2) What did you find (and continue to find) to be most challenging about Motherhood? The least?
The most challenging aspect of motherhood is keeping communication flowing. Making sure you are able to make your own wants known and yet listening at the same time to the needs of those around you. I feel that finding a balance between these is the key to successful communication.
The least challenging is falling in love with your children.
3) How did you develop the Postpartum Mantra (You are not alone, You are not to blame, You will be well with help)?
When I started getting educated about this in the early 80’s – listening to what was being said through the grassroots & research, it was clear that there were three simple messages. I’ve always tried to take the complex and simplify it. A lot of advocates have used this concept for other purposes as well. I have been involved with self help in the 60’s and 70’s and those experiences fed into this mantra. Blaming and being well is something also used by Alcoholics Anonymous.
4) What advice would you give to partners and families of women with Postpartum Depression? What can they do to best help the mother?
Hanging in there as with any illness -stay mindful that it is not the person’s fault, just like the person with cancer didn’t get it on their own. With any mental illness, when the behaviour changes and it is harsh and alienating, it is hardest because you don’t want to be there for them. Encourage them to get help and be there for them. Never give up on them or yourselves.
5) When you started PEP (Parents Educating Parents), what was the primary motivating factor?
We were a group of girlfriends providing support to each other and realized we were motivated to share the support we were experiencing in our small group with all the families in our surrounding community.
6) Has PSI’s success in supporting women and families with PPD experiences surprised you?
No, I knew eventually it was a matter of staying committed and patient and given my previous experience of working in communities, I knew it would just take time. I always felt that this was the right thing to do.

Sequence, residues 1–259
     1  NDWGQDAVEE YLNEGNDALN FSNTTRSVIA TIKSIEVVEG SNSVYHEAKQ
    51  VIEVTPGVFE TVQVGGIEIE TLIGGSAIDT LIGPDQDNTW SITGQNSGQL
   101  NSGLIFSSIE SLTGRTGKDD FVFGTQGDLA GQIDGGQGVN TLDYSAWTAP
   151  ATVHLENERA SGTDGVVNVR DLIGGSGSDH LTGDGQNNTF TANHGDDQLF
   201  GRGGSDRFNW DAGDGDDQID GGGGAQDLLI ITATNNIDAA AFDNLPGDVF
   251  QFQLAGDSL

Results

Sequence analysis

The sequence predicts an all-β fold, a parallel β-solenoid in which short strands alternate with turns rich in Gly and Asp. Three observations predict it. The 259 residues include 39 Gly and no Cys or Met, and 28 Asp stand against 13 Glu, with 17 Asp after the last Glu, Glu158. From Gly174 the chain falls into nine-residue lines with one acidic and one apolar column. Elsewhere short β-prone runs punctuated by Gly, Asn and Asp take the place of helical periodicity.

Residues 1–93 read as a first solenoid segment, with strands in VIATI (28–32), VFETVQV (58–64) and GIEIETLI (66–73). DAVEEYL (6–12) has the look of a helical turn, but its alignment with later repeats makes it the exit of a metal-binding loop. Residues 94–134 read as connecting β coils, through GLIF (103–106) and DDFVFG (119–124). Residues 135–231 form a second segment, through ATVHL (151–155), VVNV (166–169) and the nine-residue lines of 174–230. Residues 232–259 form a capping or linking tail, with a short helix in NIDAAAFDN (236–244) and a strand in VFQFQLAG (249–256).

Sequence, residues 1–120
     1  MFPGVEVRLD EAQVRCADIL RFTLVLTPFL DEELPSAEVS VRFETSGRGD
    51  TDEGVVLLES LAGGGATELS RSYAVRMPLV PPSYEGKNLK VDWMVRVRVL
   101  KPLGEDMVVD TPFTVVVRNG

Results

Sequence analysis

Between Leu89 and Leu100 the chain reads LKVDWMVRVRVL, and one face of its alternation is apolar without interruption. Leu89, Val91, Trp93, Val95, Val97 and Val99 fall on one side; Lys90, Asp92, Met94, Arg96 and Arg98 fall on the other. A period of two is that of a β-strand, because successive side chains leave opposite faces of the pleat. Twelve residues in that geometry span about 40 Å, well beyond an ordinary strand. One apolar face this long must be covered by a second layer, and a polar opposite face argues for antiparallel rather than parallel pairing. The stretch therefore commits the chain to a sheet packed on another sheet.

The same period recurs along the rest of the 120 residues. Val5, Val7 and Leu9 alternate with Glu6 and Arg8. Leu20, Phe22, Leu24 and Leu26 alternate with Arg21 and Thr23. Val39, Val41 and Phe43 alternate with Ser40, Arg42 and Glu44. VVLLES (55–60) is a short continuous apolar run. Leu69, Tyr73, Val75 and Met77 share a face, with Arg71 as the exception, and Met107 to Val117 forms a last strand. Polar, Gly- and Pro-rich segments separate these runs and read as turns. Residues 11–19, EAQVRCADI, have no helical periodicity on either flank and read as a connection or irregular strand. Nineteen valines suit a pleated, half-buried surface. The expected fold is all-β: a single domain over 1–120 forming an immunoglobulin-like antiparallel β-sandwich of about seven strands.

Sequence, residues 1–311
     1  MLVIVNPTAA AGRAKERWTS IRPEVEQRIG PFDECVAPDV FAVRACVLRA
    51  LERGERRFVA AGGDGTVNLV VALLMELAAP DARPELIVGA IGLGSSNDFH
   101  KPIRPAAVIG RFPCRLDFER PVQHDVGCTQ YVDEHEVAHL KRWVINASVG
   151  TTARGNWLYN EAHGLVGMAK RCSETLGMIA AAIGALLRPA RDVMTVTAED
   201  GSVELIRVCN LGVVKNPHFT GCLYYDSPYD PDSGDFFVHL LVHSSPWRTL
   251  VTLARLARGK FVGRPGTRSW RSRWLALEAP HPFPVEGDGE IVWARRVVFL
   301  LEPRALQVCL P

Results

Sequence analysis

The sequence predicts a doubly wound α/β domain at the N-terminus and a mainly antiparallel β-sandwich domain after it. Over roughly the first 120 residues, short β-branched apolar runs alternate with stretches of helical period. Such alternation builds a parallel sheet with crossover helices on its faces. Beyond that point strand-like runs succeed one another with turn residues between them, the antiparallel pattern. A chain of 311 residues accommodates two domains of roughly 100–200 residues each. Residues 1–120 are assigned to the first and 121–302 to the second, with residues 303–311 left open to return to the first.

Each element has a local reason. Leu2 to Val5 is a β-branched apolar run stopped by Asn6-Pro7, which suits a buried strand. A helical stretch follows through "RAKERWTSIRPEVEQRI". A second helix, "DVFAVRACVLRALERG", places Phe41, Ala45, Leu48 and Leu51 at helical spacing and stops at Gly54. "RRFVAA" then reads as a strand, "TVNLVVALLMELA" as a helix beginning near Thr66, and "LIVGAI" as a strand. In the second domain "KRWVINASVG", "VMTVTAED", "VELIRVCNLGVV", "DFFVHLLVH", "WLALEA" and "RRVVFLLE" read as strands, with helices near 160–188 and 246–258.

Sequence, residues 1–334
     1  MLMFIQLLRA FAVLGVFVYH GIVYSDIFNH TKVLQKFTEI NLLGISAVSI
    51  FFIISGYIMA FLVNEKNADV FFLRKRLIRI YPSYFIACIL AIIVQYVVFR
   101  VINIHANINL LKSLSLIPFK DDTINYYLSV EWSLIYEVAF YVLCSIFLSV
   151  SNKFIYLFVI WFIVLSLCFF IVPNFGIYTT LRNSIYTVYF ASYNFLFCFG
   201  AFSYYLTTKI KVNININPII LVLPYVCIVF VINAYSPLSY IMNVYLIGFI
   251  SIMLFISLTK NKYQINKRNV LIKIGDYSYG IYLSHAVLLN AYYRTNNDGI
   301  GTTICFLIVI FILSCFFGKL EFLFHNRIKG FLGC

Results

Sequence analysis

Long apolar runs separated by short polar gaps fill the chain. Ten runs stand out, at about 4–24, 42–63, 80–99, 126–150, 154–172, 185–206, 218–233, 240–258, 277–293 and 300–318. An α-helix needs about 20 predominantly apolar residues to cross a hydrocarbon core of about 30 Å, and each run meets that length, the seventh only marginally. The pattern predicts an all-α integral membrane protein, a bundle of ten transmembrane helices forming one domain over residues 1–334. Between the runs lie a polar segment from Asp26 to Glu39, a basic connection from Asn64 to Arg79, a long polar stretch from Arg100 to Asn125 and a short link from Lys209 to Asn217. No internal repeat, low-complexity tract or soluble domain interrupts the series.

It didn’t surprise me – it delights me.
7) What activity refreshes you the most when you’ve had a rough day?
Most important to me is to not allow intrusions into family life. I will turn off the computer after five o’clock then go start dinner and focus on family. I also enjoy music and play the flute. Another thing that refreshes me is friendship, including my friendship with my husband.
8 ) As a woman who has experienced PPD, what has it been like to guide your children through their parenting experiences?
We were very mindful and the absolute most important thing is the supportive stuff. Our oldest married someone who had no idea what depression was and the most important thing was finding a simple book (english was not his first language) for him to read to educate himself about this. Once he read about depression, it was amazing to see the light go on and see him grasping an understanding of depression. We focused on getting educated, increasing awareness, and providing a lot of mothering through the child-birthing process. I am grateful that there is improved support for my children’s generation because there certainly wasn’t the same level of support when I experienced PPD.
9) Any advice for other women who want to pay their experience forward and help women with PPD?
10) If there was one piece of advice you could give to an expectant mother (new or experienced), what would it be and why would this be important for her to hear?
Listen to your body and enjoy it…every pregnancy is different. You have to focus on staying well and get help when you need it – you can’t do this alone.